TeenInk Magazine today, my students and I learned about how works are selected for publication. And being the English teacher that I am, I asked a question about the importance of correct grammar versus the quality of composition. It was refreshing (and validating) to hear the senior editor of a publication, Ms. Stephanie Meyers, state that "It's not that grammar doesn't matter, but it's about the story being told." A work can have perfect grammar and syntax but lack heart, lack spirit and soul. Along with her group of editors, Ms. Meyers stressed that TeenInk looks for works that carry a strong voice. Spelling and proof-reading mistakes can be corrected with editing, but a poem that lacks a nuanced perspective, lacks a distinct voice, is much more difficult to correct. Our hearts are moved by poetry that speaks to the stories that lie within us. Poetry begs for connection. Our job as writers (and as teachers of writing) is to use our words to realize those connections, and remember that grammar is only a part of the equation. The power of poetry lies in the artistry of crafting connections.
And it's this connection between poetry and art that my Creative Writing students also spent time exploring today. I spent a good amount of time in front of the copy machine blowing up fingerprints. Earlier I had my high school students rub a pencil across their thumb, darkening it with lead. Then, taking a piece of clear tape, students carefully pressed their print onto the tape, and sealed their print to an index card. This is why I was standing in front of the copy machine. I took each student's fingerprint and blew it up 500 percent until their unique mark looked as though it may have been left by some ancient giant. Our Writer's Notebook prompt today was:
Start with where you began.
Where does your story start?
Wind into the moments that have shaped your life.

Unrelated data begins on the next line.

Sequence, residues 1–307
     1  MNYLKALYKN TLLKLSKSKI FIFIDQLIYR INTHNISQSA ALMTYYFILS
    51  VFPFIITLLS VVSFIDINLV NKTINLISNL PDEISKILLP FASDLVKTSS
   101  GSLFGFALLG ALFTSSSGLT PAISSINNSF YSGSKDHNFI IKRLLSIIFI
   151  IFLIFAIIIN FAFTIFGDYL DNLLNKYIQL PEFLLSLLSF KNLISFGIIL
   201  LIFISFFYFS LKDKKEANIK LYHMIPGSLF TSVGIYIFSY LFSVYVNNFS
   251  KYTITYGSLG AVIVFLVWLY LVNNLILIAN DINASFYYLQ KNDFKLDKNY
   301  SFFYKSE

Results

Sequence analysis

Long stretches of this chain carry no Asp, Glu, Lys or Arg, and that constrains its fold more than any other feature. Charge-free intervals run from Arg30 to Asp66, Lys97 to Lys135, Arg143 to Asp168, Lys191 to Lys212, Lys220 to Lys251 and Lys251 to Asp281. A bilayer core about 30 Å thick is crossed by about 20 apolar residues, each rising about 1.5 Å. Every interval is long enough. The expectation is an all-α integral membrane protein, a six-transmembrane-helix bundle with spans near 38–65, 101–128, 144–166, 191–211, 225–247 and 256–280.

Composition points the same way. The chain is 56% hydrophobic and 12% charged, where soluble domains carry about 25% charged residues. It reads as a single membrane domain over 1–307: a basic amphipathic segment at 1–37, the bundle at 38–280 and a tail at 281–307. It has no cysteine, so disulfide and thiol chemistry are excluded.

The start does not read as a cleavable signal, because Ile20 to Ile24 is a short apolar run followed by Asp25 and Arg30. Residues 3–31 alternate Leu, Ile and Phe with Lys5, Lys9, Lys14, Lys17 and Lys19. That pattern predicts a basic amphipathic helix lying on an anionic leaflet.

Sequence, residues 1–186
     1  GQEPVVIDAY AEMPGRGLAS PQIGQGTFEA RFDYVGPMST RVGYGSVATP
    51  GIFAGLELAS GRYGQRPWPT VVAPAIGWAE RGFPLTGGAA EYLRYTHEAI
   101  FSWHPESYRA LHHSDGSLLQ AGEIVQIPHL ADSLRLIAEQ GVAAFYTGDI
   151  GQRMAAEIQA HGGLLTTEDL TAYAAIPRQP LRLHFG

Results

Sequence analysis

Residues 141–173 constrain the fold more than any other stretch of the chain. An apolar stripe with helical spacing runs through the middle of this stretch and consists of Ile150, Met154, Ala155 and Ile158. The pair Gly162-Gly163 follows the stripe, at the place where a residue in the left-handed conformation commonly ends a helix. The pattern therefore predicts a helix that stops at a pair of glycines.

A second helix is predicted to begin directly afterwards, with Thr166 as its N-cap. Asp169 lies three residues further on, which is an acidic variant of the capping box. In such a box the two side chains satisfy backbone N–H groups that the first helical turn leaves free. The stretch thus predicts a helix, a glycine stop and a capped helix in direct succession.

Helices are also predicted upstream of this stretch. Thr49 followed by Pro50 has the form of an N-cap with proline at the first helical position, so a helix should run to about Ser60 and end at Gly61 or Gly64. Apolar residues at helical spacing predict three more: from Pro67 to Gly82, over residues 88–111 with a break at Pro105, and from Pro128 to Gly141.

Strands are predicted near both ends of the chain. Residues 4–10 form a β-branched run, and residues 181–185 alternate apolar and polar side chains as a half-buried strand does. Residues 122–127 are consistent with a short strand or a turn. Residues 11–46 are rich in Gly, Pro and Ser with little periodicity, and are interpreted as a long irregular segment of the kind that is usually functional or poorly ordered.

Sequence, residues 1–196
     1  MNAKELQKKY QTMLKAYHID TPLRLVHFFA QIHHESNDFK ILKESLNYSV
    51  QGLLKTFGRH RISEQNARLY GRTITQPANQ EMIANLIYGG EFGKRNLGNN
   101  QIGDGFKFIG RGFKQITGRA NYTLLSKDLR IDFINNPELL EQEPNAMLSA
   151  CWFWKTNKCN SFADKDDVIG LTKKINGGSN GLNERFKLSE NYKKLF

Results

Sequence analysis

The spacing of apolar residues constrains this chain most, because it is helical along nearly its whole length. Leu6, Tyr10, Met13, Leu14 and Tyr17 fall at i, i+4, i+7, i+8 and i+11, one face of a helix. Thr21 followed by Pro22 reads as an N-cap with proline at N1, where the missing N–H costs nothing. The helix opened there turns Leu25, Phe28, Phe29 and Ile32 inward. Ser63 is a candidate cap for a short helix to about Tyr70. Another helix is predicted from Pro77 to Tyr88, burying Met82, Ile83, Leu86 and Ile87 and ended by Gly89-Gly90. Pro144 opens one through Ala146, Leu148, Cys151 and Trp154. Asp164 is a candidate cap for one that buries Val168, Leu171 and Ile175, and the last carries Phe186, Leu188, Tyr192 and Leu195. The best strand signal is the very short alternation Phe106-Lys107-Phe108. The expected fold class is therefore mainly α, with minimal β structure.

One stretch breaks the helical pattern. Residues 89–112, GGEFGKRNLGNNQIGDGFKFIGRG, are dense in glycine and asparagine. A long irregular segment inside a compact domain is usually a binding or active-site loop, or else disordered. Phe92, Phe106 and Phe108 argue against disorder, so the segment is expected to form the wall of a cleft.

Have there been twists and turns that have helped you become the person you are today?
Then, weave your way into what you want to be.
What will be your mark on this world?
Students started in their Writer's Notebook crafting their story. Then, laying a bright white sheet over top of their photocopied print, used the lines of their fingerprint as a map upon which to write the lines of their story.
But this was only our opening activity, our first creative connection. Next, I asked my Creative Writing students to take a look at the Times Magazine's “Picture and a Poem” series where a contemporary artist is asked to create a visual representation of a poem. The two works together help the reader to understand both creative pieces in a new light. Sifting through our poetry books, student selected works from Walt Whitman to Lao Tzu, from Shel Silverstein to Edgar Allan Poe. Then, using either digital tools or by putting pen to paper, student found creative ways to illustrate their poems. Some used Canva and Animoto, while others illustrated and inked their creative interpretations of their selected poems. Throughout our class today, students connected their rhetorical choices in visual composition to those written rhetorical decisions made by the original poet.
It has been a day filled with poetic connections!